Over The Retreat Hotel’s Tuesday night’s curry deal, I had the pleasure of a Ruby Gill gig. Despite the sparse audience and stripped back set this was an enjoyable night of indie music. Ruby Gill is a triumph as a solo artist with her strong vocals and poignant lyrics. The small venue was a surprising bonus as the atmosphere was intimate but casual. Letting Gill’s confidence and sweetness shine through in a way not often seen in live music.

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(Pictured: Ruby Gill proving her multi-instrumental talent at the Retreat Hotel)

Unlike many female indie singers, Gill’s vocals are ethereal and sensual without being overly twee or too breathy like Florence Welsh or Lana Del Ray. This is commendable as any artist with a fresh sound is always welcome, particularly for solo artists, who I feel can struggle to differentiate themselves from others as there is less space for diversity on your own. Also within a live setting the fullness of Gill’s singing shows off her vocal talent as she switches from strong soaring lines in Gravity to a breathier style in songs such as Follow Suit or her serene cover of Jodi Mitchel’s classic Both Sides Now. This vocal strength gives an edge to Gill’s performance as it gives pathos and emotional weight to her expressive lyrics.

Gill’s lyrics, with their intertwining of the highly personal and the universal, is a defining element of her music. There is a distinctive maturity to her words despite the reoccurring themes of childhood nostalgia and fear of growing up. Autumn focuses on the emotional processing that hopefully occurs after a breakup and how can helps us all to mature as individuals. A stand out song for me, was Panic Attacks in Public as is clear from the name it talks about incredibly personal experiences that are usually not spoken about openly. Not only is it trying to break down barriers of stigma but it shows the strength of individual resilience and how injecting a little bit of humour into awful situations can make them easier to bare. In songs, such as Follow Suit, Missing in Japan, Winter and Autumn she utilises poetic language, full of naturalistic imagery but the overarching narrative of the songs are pragmatic. They take a realistic approach to the ups and downs of relationships, love and growing up. Because sometimes it just comes down to “this is my bed and I don’t want you in it anymore” (Missing in Japan).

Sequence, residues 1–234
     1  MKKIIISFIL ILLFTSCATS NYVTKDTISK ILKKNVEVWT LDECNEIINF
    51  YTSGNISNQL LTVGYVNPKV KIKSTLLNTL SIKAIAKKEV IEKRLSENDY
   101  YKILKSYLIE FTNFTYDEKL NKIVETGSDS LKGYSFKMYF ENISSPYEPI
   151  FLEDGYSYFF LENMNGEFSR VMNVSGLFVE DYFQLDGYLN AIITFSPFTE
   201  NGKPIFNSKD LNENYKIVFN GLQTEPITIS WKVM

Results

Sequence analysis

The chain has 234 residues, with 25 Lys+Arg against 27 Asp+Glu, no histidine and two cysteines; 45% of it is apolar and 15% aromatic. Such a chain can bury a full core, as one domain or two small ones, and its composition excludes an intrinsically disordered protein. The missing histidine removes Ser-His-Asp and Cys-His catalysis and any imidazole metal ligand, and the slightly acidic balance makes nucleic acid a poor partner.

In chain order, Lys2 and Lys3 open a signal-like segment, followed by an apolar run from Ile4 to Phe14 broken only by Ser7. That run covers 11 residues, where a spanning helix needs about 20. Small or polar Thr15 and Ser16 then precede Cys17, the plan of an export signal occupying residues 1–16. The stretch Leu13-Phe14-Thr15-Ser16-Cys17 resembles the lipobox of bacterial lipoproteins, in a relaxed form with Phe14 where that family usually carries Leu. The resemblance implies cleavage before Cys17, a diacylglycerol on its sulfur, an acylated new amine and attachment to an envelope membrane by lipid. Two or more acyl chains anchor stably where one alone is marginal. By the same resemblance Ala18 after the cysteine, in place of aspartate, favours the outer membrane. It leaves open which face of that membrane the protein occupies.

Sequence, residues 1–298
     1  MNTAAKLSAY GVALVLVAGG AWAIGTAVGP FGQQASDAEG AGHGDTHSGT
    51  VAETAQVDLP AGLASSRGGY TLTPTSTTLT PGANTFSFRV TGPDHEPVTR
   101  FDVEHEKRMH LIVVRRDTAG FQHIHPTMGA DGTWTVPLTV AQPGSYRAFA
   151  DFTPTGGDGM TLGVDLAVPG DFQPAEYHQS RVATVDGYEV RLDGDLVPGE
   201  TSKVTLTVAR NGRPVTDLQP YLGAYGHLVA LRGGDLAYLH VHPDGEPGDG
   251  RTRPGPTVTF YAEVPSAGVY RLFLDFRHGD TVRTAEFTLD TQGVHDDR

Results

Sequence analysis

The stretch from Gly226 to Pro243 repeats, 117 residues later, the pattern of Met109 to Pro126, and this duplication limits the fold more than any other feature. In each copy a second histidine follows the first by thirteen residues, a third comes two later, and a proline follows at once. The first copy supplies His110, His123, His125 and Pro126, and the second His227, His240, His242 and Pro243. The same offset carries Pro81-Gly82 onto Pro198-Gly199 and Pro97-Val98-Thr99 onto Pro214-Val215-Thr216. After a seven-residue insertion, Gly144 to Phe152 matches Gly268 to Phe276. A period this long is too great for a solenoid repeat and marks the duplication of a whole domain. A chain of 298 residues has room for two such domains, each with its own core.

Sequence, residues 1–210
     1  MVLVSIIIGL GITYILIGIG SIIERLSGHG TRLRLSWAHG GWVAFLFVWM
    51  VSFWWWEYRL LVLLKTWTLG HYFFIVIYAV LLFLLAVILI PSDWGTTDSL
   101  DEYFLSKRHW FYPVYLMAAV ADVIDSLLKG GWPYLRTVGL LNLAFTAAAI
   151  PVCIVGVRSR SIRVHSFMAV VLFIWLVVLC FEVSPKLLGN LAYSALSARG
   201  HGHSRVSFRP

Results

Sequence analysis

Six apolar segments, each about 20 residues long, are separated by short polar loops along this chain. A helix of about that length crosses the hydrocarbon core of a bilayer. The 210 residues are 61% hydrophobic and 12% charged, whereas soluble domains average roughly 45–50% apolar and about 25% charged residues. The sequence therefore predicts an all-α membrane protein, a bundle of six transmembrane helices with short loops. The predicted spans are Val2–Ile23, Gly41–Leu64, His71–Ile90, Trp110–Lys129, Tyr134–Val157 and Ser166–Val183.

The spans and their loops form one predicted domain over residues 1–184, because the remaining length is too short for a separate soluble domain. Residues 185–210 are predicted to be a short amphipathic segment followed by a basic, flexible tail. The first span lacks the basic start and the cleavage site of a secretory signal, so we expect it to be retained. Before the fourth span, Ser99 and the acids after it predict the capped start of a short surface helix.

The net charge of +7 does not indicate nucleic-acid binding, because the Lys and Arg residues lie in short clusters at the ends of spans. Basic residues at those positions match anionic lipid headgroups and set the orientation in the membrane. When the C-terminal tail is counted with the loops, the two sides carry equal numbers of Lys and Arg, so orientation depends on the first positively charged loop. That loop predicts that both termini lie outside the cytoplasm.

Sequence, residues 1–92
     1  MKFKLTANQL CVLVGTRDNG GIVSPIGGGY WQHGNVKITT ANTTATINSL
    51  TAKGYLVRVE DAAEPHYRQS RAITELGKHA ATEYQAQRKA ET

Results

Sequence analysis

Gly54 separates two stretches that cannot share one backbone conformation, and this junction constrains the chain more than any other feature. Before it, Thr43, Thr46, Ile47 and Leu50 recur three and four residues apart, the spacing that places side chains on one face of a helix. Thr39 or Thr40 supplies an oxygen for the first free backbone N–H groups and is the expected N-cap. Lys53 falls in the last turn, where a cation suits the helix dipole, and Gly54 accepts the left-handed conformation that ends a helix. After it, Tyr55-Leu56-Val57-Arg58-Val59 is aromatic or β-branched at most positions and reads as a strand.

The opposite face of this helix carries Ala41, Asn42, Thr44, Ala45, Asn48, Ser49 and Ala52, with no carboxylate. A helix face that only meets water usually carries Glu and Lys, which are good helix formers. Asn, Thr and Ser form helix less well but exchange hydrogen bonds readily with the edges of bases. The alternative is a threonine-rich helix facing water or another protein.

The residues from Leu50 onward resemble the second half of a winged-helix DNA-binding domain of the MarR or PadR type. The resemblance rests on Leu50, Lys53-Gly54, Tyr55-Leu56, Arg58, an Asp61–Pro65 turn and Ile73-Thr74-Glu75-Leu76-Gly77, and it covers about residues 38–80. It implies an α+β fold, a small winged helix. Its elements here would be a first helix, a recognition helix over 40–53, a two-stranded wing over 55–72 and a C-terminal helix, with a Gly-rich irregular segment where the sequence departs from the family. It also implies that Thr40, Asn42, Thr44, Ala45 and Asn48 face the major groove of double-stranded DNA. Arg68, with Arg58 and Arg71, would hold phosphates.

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The ambience of The Retreat Hotel and Gill’s simplistic musical style were perfectly matched. The cosy atmosphere of the barroom with its vintage wall maps and signage, brick-a-brack and strings of fairy lights suited her narrative and personal lyrics. This nostalgic vibe helped to build the audience’s connection to Gill and her music. It drew us, the audience, together despite filling barely a third of the tables and heightened the intimacy of the performance. This was effective when Gill introduced a song with more than just its title as with Both Sides Now, claiming the reason it was on the set list was because it was her mum’s favourite song. The most memorable of these was with the rhetorical questioning of the legality of ‘covering’ a song which she had written for someone else. Gill was referring to I’m Done a song she wrote for fellow South African musician Johnny Apple in 2014.

Check out Ruby Gill’s Facebook here or her upcoming gig with ‘Please Like Me’ star, Keegan Joyce, on 15th April at The Worker’s Club, Fitzroy, or see her on 20th April at the Bar Oussou. You can get your hands on her recently released debut album, Older here.

 

 

 

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